Why Hershey is threatening to drop suppliers

Chocolate maker Hershey has threatened to “suspend or remove” suppliers that fail to comply with its code to eliminate deforestation in its supply chains.

The firm outlined its ‘No Deforestation Policy’ as part of efforts to end deforestation across its supply chain by 2030.

The policy includes requirements for direct and indirect suppliers for commodities such as cocoa, palm oil, pulp, paper and soy, which it said presented the “greatest risk of contributing to deforestation”. 

Hershey said past efforts had addressed deforestation on a “commodity-by-commodity basis”, but it would now take a “holistic view” of all of its agricultural supply chains.

Under the policy, suppliers will be required to publish the policies and procedures they use to help prevent deforestation, peatland loss, and potential human rights violations. They must also protect the rights of Indigenous peoples and local communities to give or withhold their consent to development on their lands.

“Suppliers must meet and communicate these requirements throughout their supply chains at a corporate group level to ensure compliance by direct and indirect suppliers and raw material producers,” Hershey said. 

Suppliers must also establish environmental monitoring and human rights due diligence systems, non-compliance and grievance procedures. They must create “credible” independent verification systems and training programmes within their own operations, third party suppliers, and raw material producers, Hershey said.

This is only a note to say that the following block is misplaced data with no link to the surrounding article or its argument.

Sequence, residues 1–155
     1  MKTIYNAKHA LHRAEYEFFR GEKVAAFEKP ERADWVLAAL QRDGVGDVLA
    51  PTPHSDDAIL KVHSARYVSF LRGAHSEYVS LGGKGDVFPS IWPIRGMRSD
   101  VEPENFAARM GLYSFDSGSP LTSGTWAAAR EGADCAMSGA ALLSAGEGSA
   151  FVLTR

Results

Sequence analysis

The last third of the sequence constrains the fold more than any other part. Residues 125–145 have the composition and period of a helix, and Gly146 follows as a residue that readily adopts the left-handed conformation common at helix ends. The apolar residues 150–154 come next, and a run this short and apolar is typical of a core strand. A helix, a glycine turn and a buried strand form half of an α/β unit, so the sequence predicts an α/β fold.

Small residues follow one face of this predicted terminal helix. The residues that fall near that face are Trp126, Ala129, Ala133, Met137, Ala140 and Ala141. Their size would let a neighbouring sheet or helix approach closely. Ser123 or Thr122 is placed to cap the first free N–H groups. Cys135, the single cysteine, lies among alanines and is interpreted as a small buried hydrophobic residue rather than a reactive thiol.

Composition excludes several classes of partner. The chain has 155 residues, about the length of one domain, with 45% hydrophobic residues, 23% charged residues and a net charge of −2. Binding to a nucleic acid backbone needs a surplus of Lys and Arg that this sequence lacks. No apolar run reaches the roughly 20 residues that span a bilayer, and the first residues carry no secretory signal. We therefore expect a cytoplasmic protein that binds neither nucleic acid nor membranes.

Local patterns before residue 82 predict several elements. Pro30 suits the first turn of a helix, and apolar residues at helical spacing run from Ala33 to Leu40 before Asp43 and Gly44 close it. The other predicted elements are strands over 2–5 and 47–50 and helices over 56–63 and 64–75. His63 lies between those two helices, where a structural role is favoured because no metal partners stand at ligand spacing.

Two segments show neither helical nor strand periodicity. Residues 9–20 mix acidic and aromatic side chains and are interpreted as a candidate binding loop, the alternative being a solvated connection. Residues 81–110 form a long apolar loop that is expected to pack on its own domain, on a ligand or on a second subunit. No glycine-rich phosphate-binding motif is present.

“If a supplier is not compliant with our No Deforestation Policy in any of their operations at a corporate group level, we reserve the right to suspend or remove the supplier,” it said. 

The firm also set out goals to reduce scope one and two greenhouse gas emissions by more than 40% by 2024 and to make 100% of its plastic packaging “recyclable, reusable or compostable” by 2030.

Michele Buck, CEO and president at The Hershey Company, said: “Climate change is one of the most urgent threats to our planet that we face today. In order to deliver on our purpose to make more moments of goodness, we must operate with sustainability at the forefront and commit to doing our part to address climate change.

“We will continue to use our scale and apply the full force of our business to reduce our greenhouse emissions and drive climate action forward.”

Last year, Hershey pledged to train all its buyers on human rights issues by 2021, stating child labour, forced labour, deforestation, women’s rights, and living wage were among the “most pressing human rights issues across our value chain”.

In February, Hershey was one of the chocolate makers named in a lawsuit over child labour in Cote D’Ivoire. 

The human rights group, International Rights Advocates, said Hershey and other chocolate makers including Nestlé, Cargill, Mars, Mondelez, Barry Callebaut, and Olam would use child labour “until they are forced to stop”.

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